October 1st will mark a year since a young man shot and killed eight fellow-students and a professor at Umpqua Community College, in Roseburg, Oregon. I learned about the unfolding events as we so often do these days—on social media. Over the next two days, I witnessed the cyclical conversation that seems to happen every time a mass shooting occurs. The first reaction is shock and horror, followed quickly by demands and pleas that something be done. Not long after, the finger-pointing begins. The conversation reaches a fever pitch and then, silence—until the next mass shooting takes place.

The shooting in Oregon made me really think about our endless cycle of outrage and inaction. I wanted to confront it artistically, not just this most recent shooting but the patterns and echoes of earlier events of mass violence as well. I decided to make a film about what seemed to be a worsening epidemic. Immediately, I faced the question: How do you make a film about a repeating pattern, where details change but where so much—the police response, the panicked calls for help—echoes the events that came before?

After a young man in Isla Vista, California, killed seven people, including himself, in 2014, the satirical news site the Onion posted an article titled “ ‘No Way to Prevent This,’ Says Only Nation Where This Regularly Happens.” Several times since, in the wake of one of these tragedies, the site has reposted the same piece, with only the names of cities and other small details changed.

That bit of dark satire captured a depressing truth, but it also inspired me to create a cinematic response that I hoped would similarly be repeated and reposted when another event occurred. I decided to create a film that would be constantly updated. If there was another mass shooting, we would expand the film to include it.

The initial version of “Speaking Is Difficult” traced twenty-five mass-shooting events over five years, opening with the December, 2015, attacks in which a married couple killed fourteen people in San Bernardino, California, and moving back across our shared history to 2011. We sent twenty cinematographers to film the places where these events took place, many of which have returned to normalcy, with little to no trace of the murders that happened there. In each of these scenes, we see the places not as they were on the day of the event but weeks, months, even years later; the only sounds are the voices of police dispatchers, 911 operators, and shocked witnesses on the tragic day. Absent this audio, these landscapes of schools and businesses, highways and churches, would create an almost bucolic portrait of America. With the audio present, the portrait reveals horrors in the most unremarkable and unimaginable places.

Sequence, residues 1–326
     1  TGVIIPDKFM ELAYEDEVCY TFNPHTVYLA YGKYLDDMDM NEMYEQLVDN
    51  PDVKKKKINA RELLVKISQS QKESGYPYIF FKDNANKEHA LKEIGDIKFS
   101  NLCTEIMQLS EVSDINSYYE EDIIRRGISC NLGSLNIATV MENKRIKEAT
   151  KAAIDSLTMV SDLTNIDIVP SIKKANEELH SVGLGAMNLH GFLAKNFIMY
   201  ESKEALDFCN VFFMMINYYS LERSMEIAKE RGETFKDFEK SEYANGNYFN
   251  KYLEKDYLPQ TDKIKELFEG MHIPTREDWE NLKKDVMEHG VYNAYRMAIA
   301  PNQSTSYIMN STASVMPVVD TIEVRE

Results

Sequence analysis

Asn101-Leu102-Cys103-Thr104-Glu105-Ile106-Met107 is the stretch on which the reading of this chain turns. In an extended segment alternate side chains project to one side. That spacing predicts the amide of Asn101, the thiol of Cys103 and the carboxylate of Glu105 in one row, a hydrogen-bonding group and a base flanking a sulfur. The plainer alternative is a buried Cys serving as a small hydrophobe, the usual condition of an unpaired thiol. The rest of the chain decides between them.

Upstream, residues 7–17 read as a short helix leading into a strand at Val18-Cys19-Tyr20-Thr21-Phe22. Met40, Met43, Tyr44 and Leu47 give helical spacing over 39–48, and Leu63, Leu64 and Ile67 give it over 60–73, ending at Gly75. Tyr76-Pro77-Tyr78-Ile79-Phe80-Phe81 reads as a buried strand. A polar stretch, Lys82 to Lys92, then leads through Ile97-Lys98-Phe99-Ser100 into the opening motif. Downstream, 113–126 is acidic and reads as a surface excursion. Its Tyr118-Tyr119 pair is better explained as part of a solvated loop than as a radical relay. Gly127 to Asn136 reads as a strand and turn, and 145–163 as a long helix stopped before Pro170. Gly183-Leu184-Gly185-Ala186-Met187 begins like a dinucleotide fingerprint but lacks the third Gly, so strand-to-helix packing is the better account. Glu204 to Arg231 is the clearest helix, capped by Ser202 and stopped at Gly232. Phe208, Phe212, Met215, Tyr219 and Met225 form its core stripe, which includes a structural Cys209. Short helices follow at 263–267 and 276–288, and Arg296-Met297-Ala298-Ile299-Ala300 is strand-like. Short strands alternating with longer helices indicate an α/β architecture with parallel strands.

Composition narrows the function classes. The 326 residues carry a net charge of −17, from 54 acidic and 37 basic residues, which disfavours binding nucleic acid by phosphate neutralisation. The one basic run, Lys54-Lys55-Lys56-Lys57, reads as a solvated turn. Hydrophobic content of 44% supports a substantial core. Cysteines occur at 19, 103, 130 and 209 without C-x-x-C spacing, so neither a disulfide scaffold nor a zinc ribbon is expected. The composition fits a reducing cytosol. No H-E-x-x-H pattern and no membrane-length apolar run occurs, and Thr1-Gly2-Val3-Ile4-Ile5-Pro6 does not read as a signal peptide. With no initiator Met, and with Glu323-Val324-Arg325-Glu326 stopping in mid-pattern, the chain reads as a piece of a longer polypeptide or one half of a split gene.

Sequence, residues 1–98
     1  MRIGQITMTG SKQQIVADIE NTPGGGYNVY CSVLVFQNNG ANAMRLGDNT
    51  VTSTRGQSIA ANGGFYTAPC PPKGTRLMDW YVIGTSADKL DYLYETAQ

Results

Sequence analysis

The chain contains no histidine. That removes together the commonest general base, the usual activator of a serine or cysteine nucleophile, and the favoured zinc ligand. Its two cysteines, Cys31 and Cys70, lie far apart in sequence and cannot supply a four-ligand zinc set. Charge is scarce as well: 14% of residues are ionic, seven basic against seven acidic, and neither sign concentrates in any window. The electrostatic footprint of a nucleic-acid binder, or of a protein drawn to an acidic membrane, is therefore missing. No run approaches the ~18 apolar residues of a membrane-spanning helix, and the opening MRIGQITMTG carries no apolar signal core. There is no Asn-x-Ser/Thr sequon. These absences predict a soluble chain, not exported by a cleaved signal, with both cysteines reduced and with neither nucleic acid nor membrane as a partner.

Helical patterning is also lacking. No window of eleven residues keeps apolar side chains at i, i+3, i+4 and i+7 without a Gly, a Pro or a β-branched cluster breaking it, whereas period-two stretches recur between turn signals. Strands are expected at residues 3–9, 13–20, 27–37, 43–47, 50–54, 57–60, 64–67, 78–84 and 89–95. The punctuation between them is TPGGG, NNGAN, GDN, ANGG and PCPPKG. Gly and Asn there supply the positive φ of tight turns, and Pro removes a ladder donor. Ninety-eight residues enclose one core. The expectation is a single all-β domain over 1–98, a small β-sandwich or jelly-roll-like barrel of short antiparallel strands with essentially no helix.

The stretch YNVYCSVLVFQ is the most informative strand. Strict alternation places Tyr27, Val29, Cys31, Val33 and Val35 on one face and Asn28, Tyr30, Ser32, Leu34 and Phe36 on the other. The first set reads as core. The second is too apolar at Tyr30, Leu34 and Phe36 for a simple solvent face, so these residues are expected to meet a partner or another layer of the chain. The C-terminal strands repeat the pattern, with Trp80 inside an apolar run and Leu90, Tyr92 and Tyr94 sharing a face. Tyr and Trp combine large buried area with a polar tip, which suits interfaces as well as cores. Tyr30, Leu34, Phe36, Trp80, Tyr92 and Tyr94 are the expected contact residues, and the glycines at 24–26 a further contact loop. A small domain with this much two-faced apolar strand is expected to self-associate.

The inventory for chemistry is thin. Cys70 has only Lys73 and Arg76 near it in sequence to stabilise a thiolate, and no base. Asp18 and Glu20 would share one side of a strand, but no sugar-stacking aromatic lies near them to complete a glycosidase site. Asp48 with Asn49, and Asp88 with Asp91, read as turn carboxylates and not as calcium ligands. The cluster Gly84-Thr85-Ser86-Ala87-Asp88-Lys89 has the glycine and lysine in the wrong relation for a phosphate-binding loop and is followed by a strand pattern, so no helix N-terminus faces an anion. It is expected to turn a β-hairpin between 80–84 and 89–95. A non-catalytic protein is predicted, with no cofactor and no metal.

The expanded version of the film published today includes four recent mass shootings, beginning in Dallas and continuing to Orlando. As the news of these events began to spread this summer, I had a gut check about the project, realizing what it will feel like to expand the film many times in the years to come.

“Speaking Is Difficult” always ends with the same tragic moment: the 2011 shooting outside a supermarket in Tucson, Arizona, where CongresswomanGabrielle Giffords survived an attack that killed six others. It wasn’t just the shocking nature of a brazen assassination attempt on a sitting congresswoman that resonated with me; it was the evidence we have that something profound changed that year. Since 2011, mass-shooting events have more than tripled in frequency, according to data compiled by Mother Jones and analyzed in 2014 by researchers at Harvard and Northeastern Universities. A distinct F.B.I. report came to the same conclusion.

I’ve made a number of films about politicians, and I know that every member of Congress must have imagined himself or herself in Giffords’s shoes after she was shot, and yet they still couldn’t manage to come together to do anything to reduce gun violence. If an attack on one of their own colleagues couldn’t prompt a serious conversation, what could?



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